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Ownership of treasures returned by European museums was transferred in March, by decree, to the Oba of Benin. Despite the apprehensions of Saxony, the Nigerian authorities ensure that all the goods will be well exhibited in the future Edo museum.
Fate bronzes from Benin never ceases to torment and divide the German authorities. five months later having returned to Nigeria 22 objects from the former Kingdom of Benin looted during the colonial era, a certain vagueness reigns in Germany on the fate of the pieces supposed to be exhibited at the Edo Museum for the Arts of West Africa (EMOWAA), under construction in Benin City. And for good reason: a decree promulgated on March 28 by the President Muhammadu Buhari, succeeded in May by Bola Ahmed Tinubuconfers ownership of the works returned in December to the Nigerian state to Uku Akpolokpolor Ewuare II, the king (“oba”) of Benin.
In response to this transfer, the authorities of the Saxony region – responsible for the Leipzig ethnology museum where the objects were kept – demanded clarifications from Nigeria and put their restitution efforts on hold. According the agreement signed by Berlin on the return of approximately 1100 bronzes from 20 German collections and museums, the returned works had to remain accessible to the public. Eventually, it is planned that the bronzes will be exhibited in the future Benin City museum. A destiny that could be called into question by the privatization of the goods in question, suggests the region.
One of Nigeria’s most important traditional leaders, Uku Akpolokpolor Ewuare II is the heir to the sovereign who reigned over the Kingdom of Benin at the time the bronzes were looted during the sacking of the royal palace in 1897. ‘Edo by a British colonial expedition. “As the original owner, the Oba should be responsible for the management of all places where the repatriated objects are domiciled”, says the Nigerian presidential decree. In February 2022, the Oba of Benin had already recovered two bronzes returned the previous year to Nigeria by a London museum.
A few years ago, the Leipzig museum kept 262 Beninese bronzes, the second largest collection in Germany after that of Berlin. Cautious, the Saxony region is now waiting to see “what is the effect of this decree (…) and how the new government will proceed”. Before that, “we will not take any new steps“, told AFP a spokesman for the Ministry of Culture of this state.
The approach of the Saxon authorities – whose majority in the regional parliament belongs to the Christian Democratic Union of Germany (CDU) – was, however, greeted with annoyance by the Federal Minister of Culture, Claudia Roth. “What happens to the bronzes now is up to the current owner, and that is the sovereign state of Nigeria”she told the ZDF channel. “The return of the Benin bronzes to Nigeria was not subject to conditions”added Christopher Burger, spokesman for the German Ministry of Foreign Affairs, specifying nevertheless that it is “important that the public continue to have access to the bronzes of Benin after the restitution”.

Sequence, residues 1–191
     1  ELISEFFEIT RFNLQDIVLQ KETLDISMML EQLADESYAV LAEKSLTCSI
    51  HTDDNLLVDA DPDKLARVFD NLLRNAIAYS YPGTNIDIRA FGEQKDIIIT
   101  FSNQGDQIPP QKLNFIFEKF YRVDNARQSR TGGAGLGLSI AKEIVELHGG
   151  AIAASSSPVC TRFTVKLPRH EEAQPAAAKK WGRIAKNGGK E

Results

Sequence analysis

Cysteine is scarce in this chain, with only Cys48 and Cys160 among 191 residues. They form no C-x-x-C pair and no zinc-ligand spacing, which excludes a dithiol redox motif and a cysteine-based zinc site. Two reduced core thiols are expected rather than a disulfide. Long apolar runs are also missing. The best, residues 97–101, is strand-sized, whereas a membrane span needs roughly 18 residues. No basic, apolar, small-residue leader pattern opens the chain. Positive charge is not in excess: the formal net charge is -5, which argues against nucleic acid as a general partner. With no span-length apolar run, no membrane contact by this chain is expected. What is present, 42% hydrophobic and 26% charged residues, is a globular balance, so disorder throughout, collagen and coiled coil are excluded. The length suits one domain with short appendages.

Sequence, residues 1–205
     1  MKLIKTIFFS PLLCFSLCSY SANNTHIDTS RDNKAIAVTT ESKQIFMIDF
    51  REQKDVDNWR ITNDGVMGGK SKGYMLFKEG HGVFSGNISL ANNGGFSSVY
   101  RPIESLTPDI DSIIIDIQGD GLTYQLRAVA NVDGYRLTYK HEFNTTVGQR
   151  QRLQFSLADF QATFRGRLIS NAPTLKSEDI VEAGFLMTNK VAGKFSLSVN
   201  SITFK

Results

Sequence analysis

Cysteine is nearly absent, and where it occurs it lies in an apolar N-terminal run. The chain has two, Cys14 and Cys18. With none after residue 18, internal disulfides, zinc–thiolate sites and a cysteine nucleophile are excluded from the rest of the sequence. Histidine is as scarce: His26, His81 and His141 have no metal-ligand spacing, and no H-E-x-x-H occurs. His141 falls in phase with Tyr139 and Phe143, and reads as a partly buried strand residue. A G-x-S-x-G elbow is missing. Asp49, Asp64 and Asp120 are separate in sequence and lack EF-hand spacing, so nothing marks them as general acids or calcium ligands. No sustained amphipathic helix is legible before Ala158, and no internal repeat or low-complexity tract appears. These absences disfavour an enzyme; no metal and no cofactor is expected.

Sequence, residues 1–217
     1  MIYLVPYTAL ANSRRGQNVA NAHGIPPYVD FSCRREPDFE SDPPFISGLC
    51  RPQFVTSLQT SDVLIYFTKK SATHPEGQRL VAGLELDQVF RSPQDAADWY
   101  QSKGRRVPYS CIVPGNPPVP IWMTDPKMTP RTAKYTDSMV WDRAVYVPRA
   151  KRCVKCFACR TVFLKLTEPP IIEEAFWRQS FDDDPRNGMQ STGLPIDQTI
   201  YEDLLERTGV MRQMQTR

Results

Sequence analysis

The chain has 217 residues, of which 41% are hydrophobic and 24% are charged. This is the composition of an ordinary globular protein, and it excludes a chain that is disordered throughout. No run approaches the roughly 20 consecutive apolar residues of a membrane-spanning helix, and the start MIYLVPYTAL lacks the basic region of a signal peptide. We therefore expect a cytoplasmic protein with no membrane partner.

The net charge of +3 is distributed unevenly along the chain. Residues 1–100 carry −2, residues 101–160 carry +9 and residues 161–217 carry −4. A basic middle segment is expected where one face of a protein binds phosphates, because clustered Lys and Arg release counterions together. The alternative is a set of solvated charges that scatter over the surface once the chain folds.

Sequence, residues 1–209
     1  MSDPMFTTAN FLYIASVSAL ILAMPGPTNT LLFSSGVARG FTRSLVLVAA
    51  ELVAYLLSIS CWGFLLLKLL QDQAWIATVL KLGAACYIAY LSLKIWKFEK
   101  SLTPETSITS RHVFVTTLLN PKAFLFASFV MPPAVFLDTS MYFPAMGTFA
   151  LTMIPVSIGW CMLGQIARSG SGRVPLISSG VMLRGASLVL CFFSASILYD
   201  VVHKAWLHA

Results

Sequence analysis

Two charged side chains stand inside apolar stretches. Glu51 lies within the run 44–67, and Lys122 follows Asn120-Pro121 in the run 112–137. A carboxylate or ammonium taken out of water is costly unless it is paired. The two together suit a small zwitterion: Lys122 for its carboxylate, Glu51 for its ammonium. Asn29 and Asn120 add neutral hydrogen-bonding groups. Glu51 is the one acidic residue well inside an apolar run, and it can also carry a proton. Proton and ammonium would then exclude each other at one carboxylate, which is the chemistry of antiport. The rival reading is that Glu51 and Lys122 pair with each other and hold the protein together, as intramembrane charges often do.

The debate goes beyond the question of where the objects will be exhibited, writes the German newspaper FAZ. “When works of art are privatized, their interpretation also becomes private”estimates the liberal daily, pointing to historical research according to which the former royal family of Benin “was not the least involved in the slave trade, which benefited not only European powers, but also local elites”.
We want to reure our partners, (…) the objects will be accessible to researchers, the public and tourists (…) and cannot be sold.
Abba Isa Tijani, president of the Nigerian government agency in charge of the return of looted works
The newspaper thus warns against the temptation to erase this aspect in order to present a glorious historical account of the context in which the bronzes were created. These fears irritate the president of the Prussian Heritage Foundation Hermann Parzinger, in charge of the Berlin Ethnological Museum : “Do we really want to go back to the attitude of the 1970s, when we Europeans equated the return of cultural property to Africa with loss, destruction and sale?” he wrote in early May. Its museum has 530 historical objects from the ancient kingdom of Benin, including 440 bronzes, considered the most important collection after that of the British Museum in London.
In Nigeria, the president of the government agency in charge of the return of looted works, Abba Isa Tijani, wants to calm the debate. “We want to reure our partners, museums in Europe (…) the objects will be accessible to researchers, the public and tourists (…) and cannot be soldhe told AFP, confirming that the construction of the Benin City museum is continuing as planned. The Oba royal family of Benin relies on this museum, nothing has changed, since it does not have the expertise and the staff to manage the museum..
Peju Layiwola, an art historian and artist in Nigeria, very involved in the battle for the return of the bronzes, criticizes a “propaganda which consists in saying that the objects will be lost”. She recalls that the Oba has always “clearly” indicated that a museum would be created. It’s all just one “Excuse not to return the objects, she says, because they do not want to return them”.